Should There Be a ‘Monster’ Season 2 on Netflix? (POLL)

Evan Peters in 'Dahmer'
Courtesy Of Netflix

Monster: The Jeffrey Dahmer Story is one of Netflix‘s most-watched series to date (with more than 1 billion hours viewed in its first 60 days), and it has broken streaming records. It just snagged three Golden Globe nominations — two for stars Evan Peters and Niecy Nash-Betts, plus Best Television Limited Series, Anthology Series, or Motion Picture Made for Television.

It’s caught the attention of large audience of viewers. But not everyone who watched the series, also called the simplified Dahmer and Monster, think the Ryan Murphy drama should stick around. Still, it has been renewed for Season 2, with a focus on a different serial killer.

There’s concerns over disrespecting the killer’s victims, which Murphy has addressed, plus controversy over the fact that it was tagged LGBTQ+ content on Netflix, which Murphy defends. And there’s a feeling of serial killer fatigue. With so many true-crime dramatizations, do we really need another iteration of Dahmer’s evil deeds? The show’s viewership states there’s clearly a want. Among critics, however, it got some of the worst reviews of 2022’s new shows. One crew member also said working on the heavy series gave them PTSD following poor treatment on set.

Regarding the LGBTQ+ tag backlash, Murphy said he still supports that decision, but also understands why people fervently disagreed. The tag had always been used to highlight uplifting stories supporting the LGBTQ+ community. Dahmer was presumed to be queer and the majority of his victims were gay men of color.

While there is a queer aspect to the story, certain Netflix users felt Monster shouldn’t be included in the streamer’s collection of positive queer representation. Murphy didn’t seem to select the tag himself, but it was ultimately removed.

“I think that it got the tag, one, because of my involvement. I’m a gay man, so most of my stories deal with some sort of LGBTQ thing and I do that selfishly; when I was growing up, I had nothing [to look to],” he told Variety. “My mission statement has been to talk about those stories and those characters and unearth buried history.”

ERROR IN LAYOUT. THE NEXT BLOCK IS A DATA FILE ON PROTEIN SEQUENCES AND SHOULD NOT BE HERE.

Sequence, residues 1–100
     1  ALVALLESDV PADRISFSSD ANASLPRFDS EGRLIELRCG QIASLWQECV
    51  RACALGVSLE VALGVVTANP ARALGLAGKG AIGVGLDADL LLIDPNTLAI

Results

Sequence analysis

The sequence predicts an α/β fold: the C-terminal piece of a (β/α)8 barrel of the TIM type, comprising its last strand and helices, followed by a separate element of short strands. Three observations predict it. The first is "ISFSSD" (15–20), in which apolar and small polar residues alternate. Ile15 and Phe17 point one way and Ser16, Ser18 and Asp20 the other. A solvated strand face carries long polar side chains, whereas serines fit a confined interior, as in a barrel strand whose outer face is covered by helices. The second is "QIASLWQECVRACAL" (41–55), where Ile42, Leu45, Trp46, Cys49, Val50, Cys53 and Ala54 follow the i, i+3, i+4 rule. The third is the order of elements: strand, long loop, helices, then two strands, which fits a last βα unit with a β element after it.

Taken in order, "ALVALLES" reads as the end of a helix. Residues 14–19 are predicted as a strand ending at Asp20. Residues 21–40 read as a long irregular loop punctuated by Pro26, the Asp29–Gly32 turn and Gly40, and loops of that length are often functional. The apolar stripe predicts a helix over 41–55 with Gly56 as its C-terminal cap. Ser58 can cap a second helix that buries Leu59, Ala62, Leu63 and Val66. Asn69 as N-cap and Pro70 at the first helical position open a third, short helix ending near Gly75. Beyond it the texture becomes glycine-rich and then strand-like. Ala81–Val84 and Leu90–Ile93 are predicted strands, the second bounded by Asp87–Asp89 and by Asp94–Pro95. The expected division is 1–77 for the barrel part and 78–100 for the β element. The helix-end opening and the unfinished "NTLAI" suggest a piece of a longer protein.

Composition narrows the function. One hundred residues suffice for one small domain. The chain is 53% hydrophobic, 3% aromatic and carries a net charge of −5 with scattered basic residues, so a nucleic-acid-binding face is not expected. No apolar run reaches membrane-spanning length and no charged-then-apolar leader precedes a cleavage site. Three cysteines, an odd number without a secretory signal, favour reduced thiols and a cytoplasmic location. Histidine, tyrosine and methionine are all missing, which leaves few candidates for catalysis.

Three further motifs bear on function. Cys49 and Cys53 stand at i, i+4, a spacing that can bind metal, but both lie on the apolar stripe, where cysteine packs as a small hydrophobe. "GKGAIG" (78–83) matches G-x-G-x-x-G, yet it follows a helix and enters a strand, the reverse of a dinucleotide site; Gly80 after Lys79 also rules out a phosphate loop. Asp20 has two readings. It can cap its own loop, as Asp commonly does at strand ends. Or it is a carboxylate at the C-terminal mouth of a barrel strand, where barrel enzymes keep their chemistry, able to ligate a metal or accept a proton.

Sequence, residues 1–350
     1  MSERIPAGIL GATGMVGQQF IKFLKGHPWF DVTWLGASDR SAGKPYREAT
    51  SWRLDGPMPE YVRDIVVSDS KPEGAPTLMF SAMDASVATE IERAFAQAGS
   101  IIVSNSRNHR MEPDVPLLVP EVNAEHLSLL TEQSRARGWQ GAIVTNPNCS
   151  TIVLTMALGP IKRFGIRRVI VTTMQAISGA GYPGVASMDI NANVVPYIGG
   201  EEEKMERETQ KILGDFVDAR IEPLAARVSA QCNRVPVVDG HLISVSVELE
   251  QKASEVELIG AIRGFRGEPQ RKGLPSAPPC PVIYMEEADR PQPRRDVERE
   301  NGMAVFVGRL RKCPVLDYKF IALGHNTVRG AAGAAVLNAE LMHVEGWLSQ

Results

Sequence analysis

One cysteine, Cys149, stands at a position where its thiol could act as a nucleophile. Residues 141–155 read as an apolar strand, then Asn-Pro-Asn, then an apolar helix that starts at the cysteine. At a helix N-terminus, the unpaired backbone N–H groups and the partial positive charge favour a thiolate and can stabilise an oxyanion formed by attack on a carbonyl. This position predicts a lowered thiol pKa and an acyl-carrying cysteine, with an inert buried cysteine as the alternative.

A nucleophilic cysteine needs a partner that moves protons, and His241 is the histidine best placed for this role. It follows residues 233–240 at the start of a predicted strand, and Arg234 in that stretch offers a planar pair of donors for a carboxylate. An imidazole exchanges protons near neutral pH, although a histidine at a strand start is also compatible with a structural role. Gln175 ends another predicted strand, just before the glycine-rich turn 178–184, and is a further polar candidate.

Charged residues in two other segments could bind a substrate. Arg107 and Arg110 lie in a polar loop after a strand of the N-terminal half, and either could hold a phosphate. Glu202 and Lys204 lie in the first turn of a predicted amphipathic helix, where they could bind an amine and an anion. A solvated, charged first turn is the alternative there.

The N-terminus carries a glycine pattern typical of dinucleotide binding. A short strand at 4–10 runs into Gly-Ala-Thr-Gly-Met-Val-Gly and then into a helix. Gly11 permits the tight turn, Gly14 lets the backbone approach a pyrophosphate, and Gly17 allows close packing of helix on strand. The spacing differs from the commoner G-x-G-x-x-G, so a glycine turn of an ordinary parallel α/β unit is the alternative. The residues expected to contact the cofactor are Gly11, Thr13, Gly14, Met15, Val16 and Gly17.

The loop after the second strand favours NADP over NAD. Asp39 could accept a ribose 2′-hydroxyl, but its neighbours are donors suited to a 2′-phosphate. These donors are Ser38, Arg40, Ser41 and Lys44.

“Many people in the community want to uplift. I understand that,” he continues, adding that Monster is “about homophobia. I have a saying: ‘My job as an artist is to hold up a mirror about what happened.’ It’s ugly. It’s not pretty. Do you want to look at it? If you do, watch it. If you don’t, look away, and sometimes, some of this outrage is directed at the frame of the mirror instead of the reflection. I try and say, I really understand why you’re upset about the inclusion of that. I understand it, but I also disagree with it personally.”

The series was also criticized for reportedly not getting permission from the families of Dahmer’s victims to create this story. (Monster does treat those killed as more human than most stories about this killer have in the past, but when making a story about such a traumatic series of events, it behooves the creators to get a family endorsement.) Murphy told The Hollywood Reporter he reached out to 20 family members and friends and never heard back.

Niecy Nash-Betts in 'Dahmer'

Courtesy Of Netflix

“We reached out to 20, around 20 of the victims’ families and friends trying to get input, trying to talk to people, and not a single person responded to us in that process,” the writer-director said. “So we relied very, very heavily on our incredible group of researchers who… I don’t even know how they found a lot of this stuff. But it was just like a night and day effort to us trying to uncover the truth of these people.”

Peters served as an executive producer for the first time on this series, having the chance to choose acting cuts for himself and advocate for other actors. He’ll likely return as an executive producer for Season 2, though his desire to take a break from the dark material he’s known for may prompt him to just work behind-the-scenes that time around. It’s heavy stuff to play, and it’s heavy stuff to watch.

With Monster, is it a you either hate it or you love it scenario? Or are we as a culture reaching the point of peak true-crime drama fatigue? Should there be a Monster Season 2? We’d like to know your thoughts via the poll below.

Monster: The Jeffrey Dahmer Story, Streaming Now, Netflix